4. Order a Good Textbook - I define "good" as any textbook that you will actually use.

    Textbooks will help keep your learning structured. While you can learn Japanese without one, and theJapanesePage.com will certainly help you along the way, using a textbook will most certainly be a more direct path.

    Some popular choices are Genki, Japanese for Busy People, and Japanese from Zero. We stock Genki here, and we highly recommend Genki, but to be honest, there are cheaper options that are just as good (again, if you use it). Japanese for Busy People is probably the cheapest option (I do not recommend the Romanized version). Japanese from Zero is also very popular now too. If you have used other textbooks, please post your recommendations in the comments below.
  5. FREE Daily Email Courses - We have several daily email courses available absolutely free. Click here to sign up for one or more for no charge. Each email is short and designed to take less than five minutes of your time. If you feel you have the time, consider signing up for the Kanji, Vocabulary, and Grammar email courses. Each day, spend some time copying the kanji and vocabulary on a notepad to help remember. Add any interesting words/kanji to your Anki deck.

    Again, don't worry about memorizing now. This is you meeting new vocabulary and kanji for the first time. Review and time will make these strangers into acquaintances and then friends. We suggest starting to get to know kanji right after learning hiragana

    One good thing about a daily email reminder is it encourages daily study time. Consistency is very important when learning Japanese.
  6. TheJapanesePage.com Super Pages - We have a growing number of "Super Pages," pages that focus on a singular topic and covers it well with lots of audio practice.
    1. Basic Beginning Japanese Phrases - Once you have learned hiragana, you can begin to familiarize yourself with important phrases that you can use immediately. You can also use our audio-only lessons here to play while you wash the dishes or walk the dog. Don't feel like you have to memorize anything here. Learning vocabulary (and kanji) is like meeting someone. You don't become best friends immediately. It takes time to go from new acquaintances to BFFs.
    2. (Very) Basic Grammar - While you are acquainting yourself with useful phrases, start introducing yourself to these 100 core grammatical points. Don't worry if you don't feel like you get each and every point. Just use the material here to begin familiarizing yourself with Japanese. You can also sign up for our free daily Grammar Email Course here. You can go through the material on the website and then again each day with the email version.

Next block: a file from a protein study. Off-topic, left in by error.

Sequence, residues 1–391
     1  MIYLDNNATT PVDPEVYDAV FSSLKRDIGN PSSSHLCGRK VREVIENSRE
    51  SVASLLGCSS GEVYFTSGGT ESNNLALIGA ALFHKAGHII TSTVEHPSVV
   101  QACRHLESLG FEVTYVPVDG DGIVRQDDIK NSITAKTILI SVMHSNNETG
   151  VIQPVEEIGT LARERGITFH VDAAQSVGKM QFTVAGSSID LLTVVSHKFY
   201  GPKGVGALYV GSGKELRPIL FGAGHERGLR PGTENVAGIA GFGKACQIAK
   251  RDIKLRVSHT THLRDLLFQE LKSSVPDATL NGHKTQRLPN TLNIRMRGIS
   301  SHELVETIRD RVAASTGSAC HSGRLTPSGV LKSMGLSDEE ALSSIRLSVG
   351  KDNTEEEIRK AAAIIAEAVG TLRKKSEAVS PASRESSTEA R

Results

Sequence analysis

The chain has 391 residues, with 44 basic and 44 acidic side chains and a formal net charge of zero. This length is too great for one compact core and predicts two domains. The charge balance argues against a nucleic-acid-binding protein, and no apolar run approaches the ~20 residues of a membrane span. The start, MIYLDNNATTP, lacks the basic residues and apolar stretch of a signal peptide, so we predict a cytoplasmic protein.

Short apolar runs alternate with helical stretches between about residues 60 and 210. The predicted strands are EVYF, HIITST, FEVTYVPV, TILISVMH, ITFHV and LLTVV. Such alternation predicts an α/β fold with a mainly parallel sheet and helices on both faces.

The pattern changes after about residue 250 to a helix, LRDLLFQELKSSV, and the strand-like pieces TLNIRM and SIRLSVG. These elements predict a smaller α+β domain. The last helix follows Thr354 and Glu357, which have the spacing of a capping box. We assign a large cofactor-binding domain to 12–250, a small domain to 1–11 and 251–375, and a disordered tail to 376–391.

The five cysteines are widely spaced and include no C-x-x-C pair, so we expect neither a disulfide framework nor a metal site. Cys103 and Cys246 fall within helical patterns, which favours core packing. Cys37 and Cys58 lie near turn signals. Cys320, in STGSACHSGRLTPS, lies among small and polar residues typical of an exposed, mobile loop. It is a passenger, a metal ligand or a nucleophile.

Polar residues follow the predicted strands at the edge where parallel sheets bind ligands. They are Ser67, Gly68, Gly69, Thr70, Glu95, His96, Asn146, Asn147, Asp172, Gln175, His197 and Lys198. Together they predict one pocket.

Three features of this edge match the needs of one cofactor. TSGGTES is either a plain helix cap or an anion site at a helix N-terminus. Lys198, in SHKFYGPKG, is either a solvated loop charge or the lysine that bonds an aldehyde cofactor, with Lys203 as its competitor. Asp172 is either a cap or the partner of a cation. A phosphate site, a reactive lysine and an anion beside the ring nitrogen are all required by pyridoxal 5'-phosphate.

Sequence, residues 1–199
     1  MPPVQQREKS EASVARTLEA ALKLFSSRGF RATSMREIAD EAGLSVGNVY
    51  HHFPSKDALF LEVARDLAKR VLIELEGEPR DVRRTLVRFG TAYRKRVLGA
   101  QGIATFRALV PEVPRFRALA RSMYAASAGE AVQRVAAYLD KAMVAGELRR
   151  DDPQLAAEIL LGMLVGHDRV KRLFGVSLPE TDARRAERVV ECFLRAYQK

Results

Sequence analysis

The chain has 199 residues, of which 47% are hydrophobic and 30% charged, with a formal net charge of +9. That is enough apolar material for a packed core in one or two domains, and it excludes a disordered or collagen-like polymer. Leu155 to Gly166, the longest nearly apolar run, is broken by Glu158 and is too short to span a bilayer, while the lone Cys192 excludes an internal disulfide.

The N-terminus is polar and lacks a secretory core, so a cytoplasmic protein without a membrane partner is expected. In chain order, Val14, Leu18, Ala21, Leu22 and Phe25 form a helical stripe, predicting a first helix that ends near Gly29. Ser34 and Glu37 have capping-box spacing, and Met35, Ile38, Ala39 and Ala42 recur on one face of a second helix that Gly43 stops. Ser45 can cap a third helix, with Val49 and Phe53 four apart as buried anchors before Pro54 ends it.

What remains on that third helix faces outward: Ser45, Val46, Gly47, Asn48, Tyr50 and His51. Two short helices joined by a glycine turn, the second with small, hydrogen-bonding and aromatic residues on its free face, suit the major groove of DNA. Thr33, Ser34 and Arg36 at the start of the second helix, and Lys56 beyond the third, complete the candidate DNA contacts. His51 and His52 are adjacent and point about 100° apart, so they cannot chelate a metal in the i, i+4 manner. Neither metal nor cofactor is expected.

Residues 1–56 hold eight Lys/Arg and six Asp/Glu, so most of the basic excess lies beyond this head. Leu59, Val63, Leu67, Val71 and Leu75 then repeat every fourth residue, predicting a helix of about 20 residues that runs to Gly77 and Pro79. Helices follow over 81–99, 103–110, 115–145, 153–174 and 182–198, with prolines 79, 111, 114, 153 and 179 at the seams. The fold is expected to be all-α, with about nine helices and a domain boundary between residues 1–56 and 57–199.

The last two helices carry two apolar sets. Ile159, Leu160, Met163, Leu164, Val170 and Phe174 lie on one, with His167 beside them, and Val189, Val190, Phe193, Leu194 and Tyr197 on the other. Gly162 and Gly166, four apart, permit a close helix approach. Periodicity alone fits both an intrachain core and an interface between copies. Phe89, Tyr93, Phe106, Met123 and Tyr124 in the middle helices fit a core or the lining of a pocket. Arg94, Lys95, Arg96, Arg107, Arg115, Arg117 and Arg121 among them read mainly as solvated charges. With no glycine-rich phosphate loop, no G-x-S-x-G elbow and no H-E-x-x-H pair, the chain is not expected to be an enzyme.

3. JLPT N5 Kanji - We recommend acquainting yourself with kanji early on. Don't feel overwhelmed by it all, but begin to familiarize yourself with the most basic kanji. BTW, in case you don't know JLPT stands for Japanese Language Proficiency Test. This test is held twice a year all around the world and is generally recognized as the standard test for testing your ability. N5 is the easiest level and N1 is the hardest. N5 has about a hundred kanji. If you know (at least the meaning of) these hundred kanji, you will be amazed how much you can read. 
    4. How to Count to a Million - Learn Japanese numbers and how to count.
    5. TJP Podcasts - We have two weekly podcasts for beginners and intermediates. Subscribe for free and go through one or both every week.
    6. Japanese Prefectures - Lastly, language and culture are hard to separate and with Japanese being only spoken (widely) in Japan, learning about Japan is a must. Check out our super page on Japanese prefectures to learn about Japanese geography.
  7. At this point, you know hiragana, basic Japanese grammar (even if only a little), and basic vocabulary (ditto). The best way to improve is to read, read, and read some more. But... reading native texts at your current level is a recipe for frustration. That's why most of our books are stories for beginner to lower intermediates. Here are a few free stories right here on TheJapanesePage.com. If you like that, please consider becoming a Makoto+ member (below). Makoto+ has many, many more stories like that. We also have nearly all our books on sale as digital discounted bundles at TheJapanShop.com here.

7. Once you know hiragana well and you are beginning to have a feel for basic grammar and vocabulary, please consider becoming a Makoto+ member. Not only will you get the monthly Makoto e-zine, but you'll also get near daily lessons and you'll help support what we are doing here at TheJapanesePage.com. Check it out for FREE for 7 Days.